Even if you use glasses (the type you put on your face, not the kind you drink out of), you still visit your eye doctor yearly, right? Because your eyes change as time passes. Like the rest of your body, your eyes aren’t static and neither are your ears. That’s why, just as it is with your eyes, it’s crucial to keep getting your ears examined even after you’ve invested in a quality pair of hearing aids.
Unfortunately, many people skip those routine check-ups. Perhaps a visit to their doctor is taking a back seat to enjoying life. Or, it could be that your job has been difficult lately. Or maybe, you’ve just been so satisfied with your hearing aids that you haven’t felt the need to go back in. That’s a good thing, right?
Scheduling a hearing test
Let’s take Daphne as an imaginary example. For some time now, Daphne has noted some warning signs connected to her hearing. She keeps turning the TV up. She has a hard time following discussions at after-work happy hours in noisy restaurants. And so, she goes to have her hearing assessed (because she’s smart and she takes care of herself).
Daphne makes certain to follow all of the steps to manage her hearing impairment: she buys hearing aids, which are then precisely fitted and calibrated, and then she gets on with her life.
Issue solved? Well, maybe not completely. Going in for a screening allowed her to catch her hearing loss early and that’s excellent. But for most people with hearing impairment, even a small one, follow-up care becomes almost more vital in the long run. Daphne would be doing herself a favor by going to regular appointments. However, one study found that only around 33% of senior citizens with hearing aids get routine check-ups so Daphne isn’t by herself.
Why do you need check-ups once you get hearing aids?
Okay, remember our glasses metaphor? Just because Daphne uses hearing aids now doesn’t mean her hearing will become static and stop changing. It’s necessary to fine-tune the hearing aids to counter those changes. Periodic testing helps track any changes in hearing and catch problems early.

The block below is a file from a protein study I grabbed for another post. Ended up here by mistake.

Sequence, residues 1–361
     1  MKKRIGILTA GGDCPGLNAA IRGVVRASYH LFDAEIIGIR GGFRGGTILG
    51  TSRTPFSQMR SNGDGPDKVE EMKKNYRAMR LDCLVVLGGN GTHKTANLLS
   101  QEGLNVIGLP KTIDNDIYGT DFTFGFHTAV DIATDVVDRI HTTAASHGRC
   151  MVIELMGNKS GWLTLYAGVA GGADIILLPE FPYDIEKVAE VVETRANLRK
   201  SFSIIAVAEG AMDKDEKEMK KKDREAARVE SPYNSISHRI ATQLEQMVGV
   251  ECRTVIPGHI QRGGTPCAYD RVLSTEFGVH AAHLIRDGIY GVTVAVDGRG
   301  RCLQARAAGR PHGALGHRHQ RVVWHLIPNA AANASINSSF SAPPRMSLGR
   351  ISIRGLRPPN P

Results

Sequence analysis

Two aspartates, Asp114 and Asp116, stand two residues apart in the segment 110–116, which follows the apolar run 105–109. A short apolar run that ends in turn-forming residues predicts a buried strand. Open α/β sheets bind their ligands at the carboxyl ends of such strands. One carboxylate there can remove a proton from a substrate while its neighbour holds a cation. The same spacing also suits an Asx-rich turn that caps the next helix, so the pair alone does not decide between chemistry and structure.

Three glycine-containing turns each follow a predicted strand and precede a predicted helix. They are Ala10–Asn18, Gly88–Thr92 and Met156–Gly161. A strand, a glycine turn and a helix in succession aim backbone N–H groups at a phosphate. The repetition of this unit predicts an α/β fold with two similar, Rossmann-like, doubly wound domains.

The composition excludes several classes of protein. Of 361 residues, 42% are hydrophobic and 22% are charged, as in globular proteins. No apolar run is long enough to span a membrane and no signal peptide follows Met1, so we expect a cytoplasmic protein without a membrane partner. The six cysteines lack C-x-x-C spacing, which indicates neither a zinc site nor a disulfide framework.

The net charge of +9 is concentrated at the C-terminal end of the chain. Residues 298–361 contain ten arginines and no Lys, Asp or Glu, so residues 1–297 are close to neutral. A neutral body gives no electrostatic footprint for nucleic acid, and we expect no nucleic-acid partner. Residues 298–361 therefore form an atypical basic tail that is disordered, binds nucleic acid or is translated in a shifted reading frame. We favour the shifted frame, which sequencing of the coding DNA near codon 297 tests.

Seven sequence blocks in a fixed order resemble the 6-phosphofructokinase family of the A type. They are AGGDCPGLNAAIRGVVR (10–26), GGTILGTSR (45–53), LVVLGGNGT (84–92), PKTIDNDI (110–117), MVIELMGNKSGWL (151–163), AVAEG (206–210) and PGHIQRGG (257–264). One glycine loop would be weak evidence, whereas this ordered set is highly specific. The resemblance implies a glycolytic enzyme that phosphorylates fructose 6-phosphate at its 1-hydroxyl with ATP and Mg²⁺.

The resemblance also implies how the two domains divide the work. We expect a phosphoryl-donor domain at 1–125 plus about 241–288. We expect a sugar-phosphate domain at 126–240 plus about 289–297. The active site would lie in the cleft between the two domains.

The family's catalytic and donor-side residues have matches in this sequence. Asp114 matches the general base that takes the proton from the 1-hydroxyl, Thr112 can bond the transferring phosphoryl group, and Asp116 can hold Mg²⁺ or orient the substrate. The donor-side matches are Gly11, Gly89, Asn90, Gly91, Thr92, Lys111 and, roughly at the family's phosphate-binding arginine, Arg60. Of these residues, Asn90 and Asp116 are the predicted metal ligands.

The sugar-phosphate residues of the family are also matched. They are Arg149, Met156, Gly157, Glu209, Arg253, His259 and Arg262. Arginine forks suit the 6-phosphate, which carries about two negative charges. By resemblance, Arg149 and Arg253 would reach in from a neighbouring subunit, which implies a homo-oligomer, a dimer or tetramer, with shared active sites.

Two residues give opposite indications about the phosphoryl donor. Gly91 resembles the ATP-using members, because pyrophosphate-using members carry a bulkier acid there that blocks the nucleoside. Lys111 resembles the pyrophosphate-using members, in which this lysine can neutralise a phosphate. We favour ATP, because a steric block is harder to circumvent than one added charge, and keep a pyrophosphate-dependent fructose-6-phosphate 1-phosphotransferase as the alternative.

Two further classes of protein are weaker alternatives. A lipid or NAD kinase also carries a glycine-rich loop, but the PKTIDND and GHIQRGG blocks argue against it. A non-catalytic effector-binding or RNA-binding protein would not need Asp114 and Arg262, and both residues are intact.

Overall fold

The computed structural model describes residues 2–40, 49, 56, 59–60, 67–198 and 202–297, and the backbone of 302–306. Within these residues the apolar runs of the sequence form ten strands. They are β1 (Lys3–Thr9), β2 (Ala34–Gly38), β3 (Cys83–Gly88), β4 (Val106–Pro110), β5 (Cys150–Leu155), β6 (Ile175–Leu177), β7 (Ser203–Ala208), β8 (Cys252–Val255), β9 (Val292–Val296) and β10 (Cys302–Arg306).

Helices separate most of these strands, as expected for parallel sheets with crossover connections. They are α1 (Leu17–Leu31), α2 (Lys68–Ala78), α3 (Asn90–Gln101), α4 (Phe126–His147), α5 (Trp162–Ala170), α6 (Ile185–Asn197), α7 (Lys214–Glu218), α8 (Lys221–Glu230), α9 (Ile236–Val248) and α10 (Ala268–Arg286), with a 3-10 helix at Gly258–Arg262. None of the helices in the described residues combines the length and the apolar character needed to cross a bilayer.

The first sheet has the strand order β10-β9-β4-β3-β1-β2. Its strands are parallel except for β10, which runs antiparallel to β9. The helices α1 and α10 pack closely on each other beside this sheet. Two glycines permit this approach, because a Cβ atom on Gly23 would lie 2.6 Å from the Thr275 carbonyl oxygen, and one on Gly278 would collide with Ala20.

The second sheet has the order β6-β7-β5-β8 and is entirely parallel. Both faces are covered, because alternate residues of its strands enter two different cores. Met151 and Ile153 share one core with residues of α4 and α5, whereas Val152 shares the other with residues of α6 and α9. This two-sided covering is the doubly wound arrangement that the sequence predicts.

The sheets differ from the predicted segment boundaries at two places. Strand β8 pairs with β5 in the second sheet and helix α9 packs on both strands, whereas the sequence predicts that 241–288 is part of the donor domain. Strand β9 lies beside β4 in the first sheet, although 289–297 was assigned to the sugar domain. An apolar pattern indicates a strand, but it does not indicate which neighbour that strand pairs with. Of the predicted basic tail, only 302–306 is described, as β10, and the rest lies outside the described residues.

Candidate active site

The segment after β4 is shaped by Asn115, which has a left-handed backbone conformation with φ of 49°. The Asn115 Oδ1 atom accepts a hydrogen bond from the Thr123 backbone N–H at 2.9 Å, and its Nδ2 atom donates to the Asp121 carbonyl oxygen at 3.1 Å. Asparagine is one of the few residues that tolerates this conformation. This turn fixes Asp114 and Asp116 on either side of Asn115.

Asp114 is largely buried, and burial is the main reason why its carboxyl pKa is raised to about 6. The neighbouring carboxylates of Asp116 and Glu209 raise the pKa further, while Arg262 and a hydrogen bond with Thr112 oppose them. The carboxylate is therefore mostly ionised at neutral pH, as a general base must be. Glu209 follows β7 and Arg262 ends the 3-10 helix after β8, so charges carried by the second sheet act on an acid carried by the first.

And there are other benefits to getting routine hearing exams once you get hearing aids. Some of the most common reasons to make sure you get to your next check-up include:
- Hearing aid calibration: Your hearing changes in slight ways, and while your general hearing may remain consistent, these small changes could require you to get regular hearing examinations. Your hearing aid may become less and less efficient if you skip this calibration.
- Your fit may change: It’s possible that there will be a change in how your hearing aids fit as your ears are always changing. Routine check-ups can help ensure that your hearing aids continue to fit the way they’re designed to.
- Hearing degeneration: Your hearing may continue to deteriorate even if you have hearing aids. Often, this degeneration of your hearing is quite gradual and without regular examinations, you probably won’t even recognize it. Proper adjustments to your hearing aids can often slow hearing declines.
Dangers and roadblocks
The main concern here is that sooner or later, the hearing aids Daphne is using will quit working the way they’re intended to, so she’ll get frustrated with them and stop using them altogether. Over time, hearing loss can be slowed by using hearing aids. If you quit using them, not only can your hearing diminish faster, you might not notice it right away.
In terms of attaining optimal performance of your hearing aids, and optimal hearing, routine hearing exams are essential. Annual hearing exams or screenings can help you be sure your hearing aids are working as they should and that your hearing stays protected.